Sunday, June 01, 2008

My First Class - Revisited

The past few days have been a rather interesting personal journey for me. Due to the wonders of Facebook I've gotten in touch with a few former students of mine from my first year of teaching in Fort Smith, NWT. I'm not sure where this touch of nostalgia came from. Perhaps its just one of those natural things that happens at the end of a school year. ( I was teaching primarily junior high school classes back then.) Truth be told I hadn't given much thought to my first year. It was tough. June 2001 rolled around and I just wanted to forget things and move on. Looking back, now 8 years on, I can see that time with a certain amount of clarity that I was incapable of then. I made my fair share of mistakes. I was way too impatient, took any little slight personally and wasted too much time trying to make my class fit into my own preconceived notions of what I thought a class should be. Since then I've been able to take the lessons learned from that year, (both the good and the bad) and apply them. And I am a much more confident and competent person as a result.

My students from that first year (which seems a life time ago) are all now in their early 20's. Many of them have gone on to college and university and I'm very proud of each and every one of them. They are all fine individuals in my books and all have their own unique stories to tell. As luck would have it, I bumped into one former student a couple years ago down in Iqaluit. He holds the distinction of being the first student I ever had suspended. What a difference a few years can make. He told me he had dropped out of school for awhile but was now back and determined to finish. He was working part-time, dressed to the 9's - a very sociable and easy-going young man. (If I could have gone back in time to the fall of 2000 and told myself that 7 years later I'd be standing with the guy and having a rational and relaxed conversation I would have thought I should be immediately committed.) Another young man from that year is now gainfully employed in the mining industry over in the NWT. A young girl I once taught is now working toward becoming a nurse. One boy from my grade 9 homeroom (young man now, I should say) is in the Canadian Armed Forces and due to serve as part of Canada's current mission in Afghanistan. Another very quiet student I had in a grade 7 class wrote to tell me how she dropped out several times in high school but recently returned to finish her education, doing two years worth of requirements in one school year.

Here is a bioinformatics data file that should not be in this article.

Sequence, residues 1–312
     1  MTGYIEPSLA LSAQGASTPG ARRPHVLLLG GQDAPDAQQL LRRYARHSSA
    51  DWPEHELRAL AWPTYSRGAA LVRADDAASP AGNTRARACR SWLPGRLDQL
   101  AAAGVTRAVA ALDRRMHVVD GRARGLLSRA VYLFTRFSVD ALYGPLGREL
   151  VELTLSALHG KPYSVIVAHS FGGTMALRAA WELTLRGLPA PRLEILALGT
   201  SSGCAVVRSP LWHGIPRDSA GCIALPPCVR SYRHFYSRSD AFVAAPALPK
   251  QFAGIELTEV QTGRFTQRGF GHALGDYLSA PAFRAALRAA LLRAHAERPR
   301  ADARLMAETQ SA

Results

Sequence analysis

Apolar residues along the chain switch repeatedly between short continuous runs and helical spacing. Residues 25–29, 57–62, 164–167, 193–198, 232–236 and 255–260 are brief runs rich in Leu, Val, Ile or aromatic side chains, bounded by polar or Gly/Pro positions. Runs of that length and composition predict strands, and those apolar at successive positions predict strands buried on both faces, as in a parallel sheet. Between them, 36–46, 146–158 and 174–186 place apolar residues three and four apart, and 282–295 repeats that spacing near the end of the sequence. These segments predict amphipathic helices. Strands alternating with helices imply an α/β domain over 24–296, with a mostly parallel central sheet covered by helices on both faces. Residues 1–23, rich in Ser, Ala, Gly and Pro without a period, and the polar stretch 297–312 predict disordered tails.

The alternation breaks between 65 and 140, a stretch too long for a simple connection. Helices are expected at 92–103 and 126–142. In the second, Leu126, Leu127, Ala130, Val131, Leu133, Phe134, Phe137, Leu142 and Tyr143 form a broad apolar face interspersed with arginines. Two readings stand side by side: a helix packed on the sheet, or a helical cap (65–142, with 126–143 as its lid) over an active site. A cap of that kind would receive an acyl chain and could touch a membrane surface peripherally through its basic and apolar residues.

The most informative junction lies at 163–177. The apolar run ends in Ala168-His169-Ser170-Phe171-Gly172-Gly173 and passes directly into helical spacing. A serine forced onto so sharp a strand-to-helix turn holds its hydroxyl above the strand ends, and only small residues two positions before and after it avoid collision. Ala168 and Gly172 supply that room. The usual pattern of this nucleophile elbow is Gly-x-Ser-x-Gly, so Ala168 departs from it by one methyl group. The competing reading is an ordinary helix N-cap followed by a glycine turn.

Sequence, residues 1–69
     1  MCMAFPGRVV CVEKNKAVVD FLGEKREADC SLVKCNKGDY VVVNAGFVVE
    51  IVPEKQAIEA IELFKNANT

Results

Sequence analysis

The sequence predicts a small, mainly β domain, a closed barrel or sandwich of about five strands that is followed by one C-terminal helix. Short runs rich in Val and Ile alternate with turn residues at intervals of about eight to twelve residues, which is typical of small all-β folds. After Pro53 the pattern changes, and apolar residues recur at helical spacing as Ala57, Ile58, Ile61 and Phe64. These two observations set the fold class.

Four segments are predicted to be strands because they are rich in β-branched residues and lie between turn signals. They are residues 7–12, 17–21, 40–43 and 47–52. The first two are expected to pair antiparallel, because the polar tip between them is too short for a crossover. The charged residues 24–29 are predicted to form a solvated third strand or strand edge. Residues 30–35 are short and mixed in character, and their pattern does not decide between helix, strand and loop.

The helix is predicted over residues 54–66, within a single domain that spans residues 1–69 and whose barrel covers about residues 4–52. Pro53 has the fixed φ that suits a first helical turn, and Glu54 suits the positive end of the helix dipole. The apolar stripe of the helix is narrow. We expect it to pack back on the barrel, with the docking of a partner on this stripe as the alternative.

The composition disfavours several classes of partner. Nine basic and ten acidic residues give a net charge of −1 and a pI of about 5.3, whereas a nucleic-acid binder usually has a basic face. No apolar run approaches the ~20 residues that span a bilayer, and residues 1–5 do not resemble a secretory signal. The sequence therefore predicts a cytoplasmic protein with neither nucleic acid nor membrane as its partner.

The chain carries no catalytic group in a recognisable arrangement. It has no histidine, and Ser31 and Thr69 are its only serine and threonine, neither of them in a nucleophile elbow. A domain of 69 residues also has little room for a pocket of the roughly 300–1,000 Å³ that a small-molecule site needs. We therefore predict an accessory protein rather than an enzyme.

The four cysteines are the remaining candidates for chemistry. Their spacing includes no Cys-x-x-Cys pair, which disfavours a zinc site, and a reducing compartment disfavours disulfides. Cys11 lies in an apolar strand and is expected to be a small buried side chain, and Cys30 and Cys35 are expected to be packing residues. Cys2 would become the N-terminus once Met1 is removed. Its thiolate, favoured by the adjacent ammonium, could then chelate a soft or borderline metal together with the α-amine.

To all of you who have shared your stories, I thank you. Thank you for the hope and inspiration you have given me to continue in my profession. Truly it is people like you that motivate me to try to give back to my current students a small iota of what you have given me. Thank you for your trust. If perchance any of you are reading this, I can tell you as an honest man I have been blessed and enriched immeasurably by you.

1 comments:

Jennith Peart said...

My first students, Grade Eights, would also be around 20 now. I don't get much news except when I occasionally speak with someone in the community, but I've heard lots of good things. It always makes me smile though to hear how well they've done.